Mr. Smith Goes to Washington (1939): Clarissa Explains it All

#32 Golden Age of Hollywood Series

Part V: Hollywood’s Greatest Year

Jimmy Stewart and Jean Arthur in Mr. Smith Goes to Washington (1939)
Mr. Smith Goes to Washington (1939) opening banner

Sometimes, because of something that’s happening in the world at large or inside your own four walls, you’re especially open to a particular message.  You’re a student, waiting for your teacher to appear.  If this message comes in the form of a well-crafted film, it can alter the way you see the world or yourself.  The film—or novel—can become part of your own life’s story.

The best art becomes part of our very DNA.  

And sometimes, your heart is so stone cold on an issue that not even one of the American Film Institute’s Top 100 movies of all time can pierce through.

Such was my unfortunate, unsatisfying experience with Frank Capra’s Mr. Smith Goes to Washington.

When a United States senator dies suddenly, the state’s governor appoints Jefferson Smith to serve out the remainder of the term.  Jefferson Smith is no politician.  He’s basically a Boy Scout Troop leader, bursting with honesty and pure patriotism.

He comes to Washington with an earnest desire to do good and completely naive to the inner workings of the federal government.  When he tries to pass a bill to build a boy’s camp, he inadvertently jeopardizes the underhanded scheme of Senator Paine and a political boss.  The two have conspired to secretly buy up land and then sell it at a premium when they pass a bill to build a dam on the property.

This property, of course, is where Jeff Smith wishes to build his boy’s camp.

Jeff Smith has his illusions destroyed as he uncovers the plot.  Senator Paine and others work to undermine Jeff at every turn, first manipulating him, then intimidating him, and finally framing him for the crime of buying the land.

Jeff refuses to give up, and the film ends with Jeff’s magnificent filibuster on the floor of the senate, where he vows to keep on fighting for justice and American values no matter what the corrupt elites do to stop him.

He ultimately passes out on the senate floor from exhaustion, and in an attack of conscience, Senator Paine admits the truth of his guilt—and Jeff’s innocence—in the scheme.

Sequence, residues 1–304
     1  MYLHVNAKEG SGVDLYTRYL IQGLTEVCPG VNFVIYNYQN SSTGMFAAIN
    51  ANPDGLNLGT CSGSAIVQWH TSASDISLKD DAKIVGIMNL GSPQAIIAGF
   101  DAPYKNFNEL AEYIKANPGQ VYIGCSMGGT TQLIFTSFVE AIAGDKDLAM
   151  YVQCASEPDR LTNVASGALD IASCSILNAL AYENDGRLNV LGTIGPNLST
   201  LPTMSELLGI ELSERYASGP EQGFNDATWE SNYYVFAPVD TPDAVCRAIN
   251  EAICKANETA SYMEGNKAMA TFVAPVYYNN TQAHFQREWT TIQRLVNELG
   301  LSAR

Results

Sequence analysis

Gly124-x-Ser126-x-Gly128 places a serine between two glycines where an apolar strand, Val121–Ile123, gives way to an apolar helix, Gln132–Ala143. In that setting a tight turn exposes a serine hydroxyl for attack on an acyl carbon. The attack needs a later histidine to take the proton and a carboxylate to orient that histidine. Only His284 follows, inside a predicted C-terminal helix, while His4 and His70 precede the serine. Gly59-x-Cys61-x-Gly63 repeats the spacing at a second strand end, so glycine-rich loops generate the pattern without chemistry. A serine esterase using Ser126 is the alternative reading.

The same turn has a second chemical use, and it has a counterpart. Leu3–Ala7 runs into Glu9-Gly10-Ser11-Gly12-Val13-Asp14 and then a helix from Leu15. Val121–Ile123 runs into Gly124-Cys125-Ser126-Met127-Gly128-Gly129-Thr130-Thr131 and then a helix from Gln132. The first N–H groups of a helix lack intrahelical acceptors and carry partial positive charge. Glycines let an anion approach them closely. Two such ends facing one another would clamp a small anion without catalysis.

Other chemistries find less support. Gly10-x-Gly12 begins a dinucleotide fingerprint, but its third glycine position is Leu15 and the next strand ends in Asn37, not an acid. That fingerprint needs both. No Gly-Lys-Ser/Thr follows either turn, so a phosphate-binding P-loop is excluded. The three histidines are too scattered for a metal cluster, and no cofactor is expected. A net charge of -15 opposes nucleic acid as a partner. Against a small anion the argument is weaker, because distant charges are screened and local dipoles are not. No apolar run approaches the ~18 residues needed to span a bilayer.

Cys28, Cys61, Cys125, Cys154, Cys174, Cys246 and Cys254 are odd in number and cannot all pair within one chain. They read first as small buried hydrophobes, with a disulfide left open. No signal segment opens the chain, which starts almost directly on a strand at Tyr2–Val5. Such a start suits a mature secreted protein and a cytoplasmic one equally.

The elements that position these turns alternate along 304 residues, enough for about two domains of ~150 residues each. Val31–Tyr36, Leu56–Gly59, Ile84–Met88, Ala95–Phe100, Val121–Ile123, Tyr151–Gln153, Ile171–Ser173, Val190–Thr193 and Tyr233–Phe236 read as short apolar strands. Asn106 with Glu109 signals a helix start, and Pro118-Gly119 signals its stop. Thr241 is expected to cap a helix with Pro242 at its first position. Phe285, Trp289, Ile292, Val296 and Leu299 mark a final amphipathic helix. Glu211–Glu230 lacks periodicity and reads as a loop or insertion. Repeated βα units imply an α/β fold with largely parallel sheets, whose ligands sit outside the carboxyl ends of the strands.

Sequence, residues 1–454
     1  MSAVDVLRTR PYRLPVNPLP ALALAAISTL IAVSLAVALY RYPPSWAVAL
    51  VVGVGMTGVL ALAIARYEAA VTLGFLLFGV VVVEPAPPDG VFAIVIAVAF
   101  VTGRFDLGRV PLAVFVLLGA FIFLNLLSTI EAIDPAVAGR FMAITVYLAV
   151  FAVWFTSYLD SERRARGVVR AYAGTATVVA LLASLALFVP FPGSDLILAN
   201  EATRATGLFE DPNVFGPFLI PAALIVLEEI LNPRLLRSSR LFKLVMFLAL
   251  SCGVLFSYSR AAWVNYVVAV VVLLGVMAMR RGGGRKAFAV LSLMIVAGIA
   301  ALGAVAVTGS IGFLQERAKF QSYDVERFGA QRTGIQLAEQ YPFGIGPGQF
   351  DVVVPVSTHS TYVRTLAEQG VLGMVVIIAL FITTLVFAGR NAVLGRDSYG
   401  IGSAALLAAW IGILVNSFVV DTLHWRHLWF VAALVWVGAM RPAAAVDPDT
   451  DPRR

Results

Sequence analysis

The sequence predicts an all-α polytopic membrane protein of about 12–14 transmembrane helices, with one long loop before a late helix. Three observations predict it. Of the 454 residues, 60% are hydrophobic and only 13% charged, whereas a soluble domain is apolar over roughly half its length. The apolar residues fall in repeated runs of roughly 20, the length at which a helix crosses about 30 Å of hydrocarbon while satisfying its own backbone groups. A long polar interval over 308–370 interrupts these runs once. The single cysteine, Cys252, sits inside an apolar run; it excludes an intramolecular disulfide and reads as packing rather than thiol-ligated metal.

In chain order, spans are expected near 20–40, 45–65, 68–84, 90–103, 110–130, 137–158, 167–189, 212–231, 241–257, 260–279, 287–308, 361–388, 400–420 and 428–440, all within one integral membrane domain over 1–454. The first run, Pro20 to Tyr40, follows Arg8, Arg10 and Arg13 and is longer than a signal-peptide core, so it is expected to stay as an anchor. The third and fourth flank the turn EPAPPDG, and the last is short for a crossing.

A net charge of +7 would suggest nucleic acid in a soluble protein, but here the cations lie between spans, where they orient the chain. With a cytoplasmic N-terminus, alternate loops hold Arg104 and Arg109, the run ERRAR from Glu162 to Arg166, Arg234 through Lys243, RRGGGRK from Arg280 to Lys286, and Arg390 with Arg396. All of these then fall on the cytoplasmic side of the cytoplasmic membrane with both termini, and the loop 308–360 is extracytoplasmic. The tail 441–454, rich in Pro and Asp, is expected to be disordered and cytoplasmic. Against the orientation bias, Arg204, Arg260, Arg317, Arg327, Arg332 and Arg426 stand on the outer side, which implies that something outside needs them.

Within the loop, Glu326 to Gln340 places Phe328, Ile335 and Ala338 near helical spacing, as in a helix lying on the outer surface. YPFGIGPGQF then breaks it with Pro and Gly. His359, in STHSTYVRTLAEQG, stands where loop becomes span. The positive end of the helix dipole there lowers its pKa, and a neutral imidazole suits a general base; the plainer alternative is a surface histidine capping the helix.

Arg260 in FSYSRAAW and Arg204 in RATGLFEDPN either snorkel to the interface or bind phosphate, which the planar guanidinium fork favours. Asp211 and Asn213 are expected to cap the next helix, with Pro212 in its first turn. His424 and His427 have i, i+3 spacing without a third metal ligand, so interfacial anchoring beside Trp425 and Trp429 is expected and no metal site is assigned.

Jimmy Stewart in Mr. Smith Goes to Washington (1939)

It is the triumph of idealism over cynicism, which is usually just the kind of story I love.

But a week away from the most contentious presidential election in my lifetime, poor Mr. Smith just didn’t land for me.   

You too probably have strong feelings about the upcoming election, regardless of your political party.  Depending on who you support, you may be feeling pessimism, optimism, despair, or hope.

But red, blue, or independent, I can’t believe anyone is feeling idealistic about American politics at this moment in our history.

For better or worse, the polite masks have been ripped away to reveal the raw power struggle that drives the bloodsport of national elections.

In this light, Mr. Smith looks hopelessly naive.  The film’s corrupt act of buying up land to sell at a premium wouldn’t even make today’s newspaper, much less the front page.

The delight of watching so many classic films has been how fresh and relevant they feel.

But Mr. Smith Goes to Washington is eighty-one years old, and feels even older. It speaks of an idealism that was possible before Vietnam, Watergate, and 9/11.

Director Frank Capra himself became disillusioned after World War II, and his later films took on a darker tone.

But if I cut away the personal baggage brought to watching this film in 2020, it is easy to see why Mr. Smith Goes to Washington is beloved.  It is a treasure, and was one of the first films chosen by the National Film Registry for preservation in the Library of Congress.

First off, you have James Stewart, one the greatest and most beloved characters of all time in the title role.  This is the movie that rightfully made Stewart a star.  He plays Jeff with a wide-eyed wonder that never fully dims despite discovering that his hero Senator Paine is rotten and weak.

But it’s Clarissa Saunders, played wonderfully by Jean Arthur, who is really at the heart of the film.  Saunders is Jeff’s world weary secretary, who knows how Washington really works and is disgusted by it all.  She at first thinks Jeff’s innocence is an act, then dismisses him as a hopeless rube.

Almost against her will, she teaches Jeff the ropes and tries to protect his innocence.  In one of the film’s best scenes, she explains the arduous process it takes to actually write a bill and pass a law.  As the film goes on, his idealism melts her cold heart, and in the final act she has become a true believer.  Her understanding of the rules—both written and unwritten—of the senate are the key to Jeff’s successful filibuster.

It is Saunders, more so than Jeff, who is the stand-in for the audience.  She has the most satisfying story arc—a cynic finding her idealism, so much so that she convinces Jeff to keep fighting for his “lost cause” when he considers quitting in a moment of weakness.

So maybe I—maybe we—should all take heart that if even cynical Saunders can rediscover her idealism in the heart of an honest politician, maybe we can do the same.

If we can find one. 

Mr. Smith Goes to Washington (1939) Verdict:  Film Buffs Only

Want more?  Click here for an index of all posts in this series, as well as source notes and suggested reading.

Jimmy Stewart and Jean Arthur in Mr. Smith Goes to Washington (1939)

The Good Life

#20 Golden Age of Hollywood Series

James Stewart, Jean Arthur, and Director Frank Capra on the set of You Can't Take It With You (1938)